Through the eyes of two doctors who took locum tenens assignments in the U.S.V.I.

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Practicing medicine on a tropical island seems ideal doesn't it? It's not without its hard work though. The perfect weather may entice you to clock into vacation mode immediately. But work still needs to be done of course. And patients still need to be treated. You'll have time to enjoy all the natural wonders on the island but not before you're finished with your shift, and definitely not before seeing an interesting case you may have never encountered in the States.

So what is it like to practice medicine on a tropical island? Two of our doctors, Martin Oretsky, MD, an emergency medicine physician and Leonard Bentch, MD, a gastroenterologist, both took locum tenens assignments (respectively) in the U.S.V.I several years back. Here are their experiences.

What kind of cases did you see?

Martin Oretsky, MD

One of the main differences between his practice in Southern California and the Caribbean was the high number of patients who presented with sickle-cell crisis. Dr. Oretsky says he treated one single patient with it in his 35 years practicing in California. The other common conditions on the island include diabetes mellitus, hypertension, chronic renal failure and obesity.

Leonard Bentch, MD

Because of the phenomenal tourist population, doctors at the hospital see patients with a variety of medical disorders in addition to the expected problems among the native population. Dr. Bentch says, "A day in the emergency room might bring patients with acute traveler's illnesses, scuba diving associated barometer problems, acute surgical illnesses in patients previously well and a rich mixture of patients with chronic medical problems which have become exacerbated while away from home."

What are the medical facilities like?

Leonard Bentch, MD

Dr. Bentch's assignment was in a Medical Center outfitted with 169 care beds, a large emergency department, inpatient psychiatric care and vast outpatient clinics. Attached was a Cancer Institute, replete with a full array of oncologic services including radiation therapy. The vast majority of medical staff members were native islanders, educated and trained in medicine at 'mainland' universities and residency programs. The facility had adapted to EMR, increasingly paperless medical charts and would soon be installing a PAX system.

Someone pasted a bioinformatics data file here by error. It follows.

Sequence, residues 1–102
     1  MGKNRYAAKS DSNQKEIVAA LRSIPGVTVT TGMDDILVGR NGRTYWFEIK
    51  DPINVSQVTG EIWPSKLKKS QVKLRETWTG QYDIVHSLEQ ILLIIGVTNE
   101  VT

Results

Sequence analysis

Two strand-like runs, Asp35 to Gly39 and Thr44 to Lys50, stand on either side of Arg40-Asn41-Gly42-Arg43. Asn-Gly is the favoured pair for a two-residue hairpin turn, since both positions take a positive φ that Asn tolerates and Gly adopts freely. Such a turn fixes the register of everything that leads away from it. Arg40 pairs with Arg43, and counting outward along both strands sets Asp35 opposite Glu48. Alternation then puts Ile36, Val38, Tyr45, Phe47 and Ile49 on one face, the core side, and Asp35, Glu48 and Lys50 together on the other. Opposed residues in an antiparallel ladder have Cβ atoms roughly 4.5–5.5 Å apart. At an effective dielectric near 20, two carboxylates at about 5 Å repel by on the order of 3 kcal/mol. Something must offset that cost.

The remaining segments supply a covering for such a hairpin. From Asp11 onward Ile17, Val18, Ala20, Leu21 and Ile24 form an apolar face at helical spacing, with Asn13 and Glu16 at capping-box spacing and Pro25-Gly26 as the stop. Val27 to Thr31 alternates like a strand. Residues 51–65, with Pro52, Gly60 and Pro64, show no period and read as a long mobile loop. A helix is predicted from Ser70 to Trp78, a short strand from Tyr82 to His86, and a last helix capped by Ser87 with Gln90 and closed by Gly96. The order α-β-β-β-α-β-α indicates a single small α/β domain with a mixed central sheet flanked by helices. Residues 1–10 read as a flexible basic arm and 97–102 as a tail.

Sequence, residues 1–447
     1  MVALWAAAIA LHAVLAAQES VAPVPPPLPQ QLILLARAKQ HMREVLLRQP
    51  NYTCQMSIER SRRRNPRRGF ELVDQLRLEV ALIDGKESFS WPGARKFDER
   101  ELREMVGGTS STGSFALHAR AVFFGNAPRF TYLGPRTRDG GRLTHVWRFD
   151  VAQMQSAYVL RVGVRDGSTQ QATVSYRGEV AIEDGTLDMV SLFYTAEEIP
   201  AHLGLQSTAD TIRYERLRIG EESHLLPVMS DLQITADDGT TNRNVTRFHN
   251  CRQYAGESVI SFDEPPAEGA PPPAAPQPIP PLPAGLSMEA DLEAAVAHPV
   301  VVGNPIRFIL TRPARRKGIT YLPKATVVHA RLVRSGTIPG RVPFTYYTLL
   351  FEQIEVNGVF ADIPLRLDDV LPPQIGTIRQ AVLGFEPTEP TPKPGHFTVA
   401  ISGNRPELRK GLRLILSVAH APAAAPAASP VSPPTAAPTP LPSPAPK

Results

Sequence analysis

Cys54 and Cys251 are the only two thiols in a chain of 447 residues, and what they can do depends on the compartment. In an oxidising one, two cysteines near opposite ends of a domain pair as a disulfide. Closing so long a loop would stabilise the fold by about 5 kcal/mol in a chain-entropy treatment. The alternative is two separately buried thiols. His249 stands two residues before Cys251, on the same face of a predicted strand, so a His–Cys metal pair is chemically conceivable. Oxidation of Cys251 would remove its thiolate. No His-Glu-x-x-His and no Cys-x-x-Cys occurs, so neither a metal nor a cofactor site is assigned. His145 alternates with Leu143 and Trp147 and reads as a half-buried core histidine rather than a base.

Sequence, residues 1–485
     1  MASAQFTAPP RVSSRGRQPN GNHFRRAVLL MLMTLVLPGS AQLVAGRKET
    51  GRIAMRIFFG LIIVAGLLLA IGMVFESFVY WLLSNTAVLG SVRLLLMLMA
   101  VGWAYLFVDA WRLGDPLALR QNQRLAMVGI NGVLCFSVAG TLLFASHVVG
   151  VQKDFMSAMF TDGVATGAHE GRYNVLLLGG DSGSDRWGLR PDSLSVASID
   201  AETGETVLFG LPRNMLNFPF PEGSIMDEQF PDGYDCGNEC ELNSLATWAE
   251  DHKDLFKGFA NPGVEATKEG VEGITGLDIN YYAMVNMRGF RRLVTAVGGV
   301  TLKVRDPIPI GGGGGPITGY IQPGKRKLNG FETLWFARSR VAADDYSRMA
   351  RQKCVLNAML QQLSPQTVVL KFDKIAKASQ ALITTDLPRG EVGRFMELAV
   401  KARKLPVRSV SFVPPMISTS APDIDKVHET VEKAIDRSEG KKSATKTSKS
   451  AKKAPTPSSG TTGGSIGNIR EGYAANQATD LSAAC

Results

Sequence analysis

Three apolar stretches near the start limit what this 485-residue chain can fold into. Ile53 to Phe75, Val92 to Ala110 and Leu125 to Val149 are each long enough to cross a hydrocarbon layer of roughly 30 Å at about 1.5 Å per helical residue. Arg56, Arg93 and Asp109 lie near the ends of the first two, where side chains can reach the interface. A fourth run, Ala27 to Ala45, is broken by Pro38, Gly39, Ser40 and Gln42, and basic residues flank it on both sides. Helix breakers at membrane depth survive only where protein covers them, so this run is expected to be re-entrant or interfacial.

In Dr. Bentch's words, "This was no tropical backwater facility."

What kinds of island activities can you do outside of locum tenens work?

Martin Oretsky, MD

An avid photographer, Dr. Oretsky also loves the ocean, so he took his wife, Linda, and headed to the U.S. Caribbean to work and play. As a locum tenens doctor in the ER, Dr. Oretsky got to practice medicine and still have time to enjoy life. Friends there who owned a sailboat took to the high seas frequently and the Oretsky's joined them. The couple also traveled to other islands, where (among many things) they experienced a memorable ranger-led walk through the Virgin Islands National Park.

Leonard Bentch, MD

Three "working trips" in the USVI have not dampened Dr. Bentch's enthusiasm. He lists a litany of things he loves to do there, "We enjoy outdoor concerts at the Reichhold Center for the Arts Amphitheater, marimba music at Crown Bay Marina, as well as the Caribbean Orchid Festival. We never tire of the endless fresh fish and Caribbean lobster, either. Plus, we get tons of local favorites, too, like fungi, plantains and white sweet potatoes."

As evidenced by the answers above you can see that a healthy balance of work and play in the U.S.V.I. can make for a happy doctor. The ability to further medical knowledge and build a CV all the while is also a plus in this uniquely diverse practice setting.

There's plenty more to tell about what it's like to practice medicine on a tropical island. And we're sure you can find all - or at least some - answers by reading the rest of these doctors' locum tenens stories (complete with pictures). Anything else? Don't hesitate to ask one of our experts.

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